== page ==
Several commentators will tell you this movie isn't what it might be. I'm here to posit that what it is makes me laugh. Maybe this film version of the musical set in ancient Rome, A Funny Thing Happened on the Way to the Forum (1966-Richard Lester), disappointed some who were looking for a reproduction of the noted Broadway show it sprang from back in the frantic sixties, but there is too much that is raucously funny here to dismiss it as a whole. With music and lyrics by Stephen Sondheim and a book by Burt Shevelove and Larry Gelbart, (by way of Juvenal, Petronius, and Suetonius), it brought together their glib and insightful gifts with those of a coliseum-full of comic performing talent at the end of an era.
Being a flexible little peasant, I am more than happy to celebrate a movie that cast Zero Mostel as the crafty, randy, liberty-loving Pseudolus, Phil Silvers as Bilko-in-a-toga, Lycus, (Phil would star as Pseudolus in the 1972 Broadway revival), Jack Gilford as Hysterium, Buster Keaton as a near blind Erronius (sadly, in his last role). There is great droll support from Michael Hordern as a hen-pecked hubby, ancient Rome-style, and Patricia Jessel as his harridan wife from Hades, the appropriately named Domina. A very young Michael Crawford may have had a much greater future as the phantom of the opera, but here he had a Stan Laurelesque quality as the wimpy son of a patrician Roman household. Classic British funny men such as Alfie Bass and the glorious Roy Kinnear (who was one of director Richard Lester's favorites, appearing in 8 of his movies) keep the ball going in this movie, as do many amazonian girls displaying their considerable, *ahem* gifts. Chief among them as a virgin courtesan who is extremely attractive if deeply dumb, is Annette Andre as Philia.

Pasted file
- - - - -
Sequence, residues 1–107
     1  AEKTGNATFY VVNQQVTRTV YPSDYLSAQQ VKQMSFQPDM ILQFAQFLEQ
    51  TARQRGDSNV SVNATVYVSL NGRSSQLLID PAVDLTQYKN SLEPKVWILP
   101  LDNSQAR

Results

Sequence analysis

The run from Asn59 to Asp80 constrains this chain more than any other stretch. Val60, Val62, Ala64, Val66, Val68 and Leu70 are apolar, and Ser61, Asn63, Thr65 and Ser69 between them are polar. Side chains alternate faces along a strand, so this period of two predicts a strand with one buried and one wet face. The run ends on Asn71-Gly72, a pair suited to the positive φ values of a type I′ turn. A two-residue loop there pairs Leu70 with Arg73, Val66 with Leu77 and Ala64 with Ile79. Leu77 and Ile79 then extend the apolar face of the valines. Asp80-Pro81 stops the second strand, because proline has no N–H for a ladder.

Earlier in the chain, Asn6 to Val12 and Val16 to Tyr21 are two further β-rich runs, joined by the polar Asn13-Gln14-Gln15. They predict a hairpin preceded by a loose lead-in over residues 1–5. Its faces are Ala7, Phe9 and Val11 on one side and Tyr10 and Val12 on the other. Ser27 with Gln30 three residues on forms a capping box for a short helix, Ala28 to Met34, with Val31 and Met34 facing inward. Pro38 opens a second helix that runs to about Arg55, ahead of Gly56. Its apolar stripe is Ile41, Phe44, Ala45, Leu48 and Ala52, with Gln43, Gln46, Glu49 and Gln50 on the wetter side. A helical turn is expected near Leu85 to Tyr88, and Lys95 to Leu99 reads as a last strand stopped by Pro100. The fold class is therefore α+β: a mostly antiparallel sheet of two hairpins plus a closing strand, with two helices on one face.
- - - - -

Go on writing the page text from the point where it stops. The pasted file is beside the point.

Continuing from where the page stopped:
In the clip below of the opening rendition of the robust "Comedy Tonight" song, we see what awaits a viewer: a compendium of visual and verbal gags, with Lester's characteristically lightning speed editing. The language is fine, but the comics' burlesque-honed expressions and delivery, some of the coarser (but very funny) sight gags, and the situations may not be appropriate for all audiences. A DVD is available at a decent price, and, once in a blue moon, this little ancient artifact from the time when real humor roamed the earth in the form of baggy pants comedians does get broadcast on cable. If this taste of the film whets your appetite for more, you can see the entire movie here on Hulu.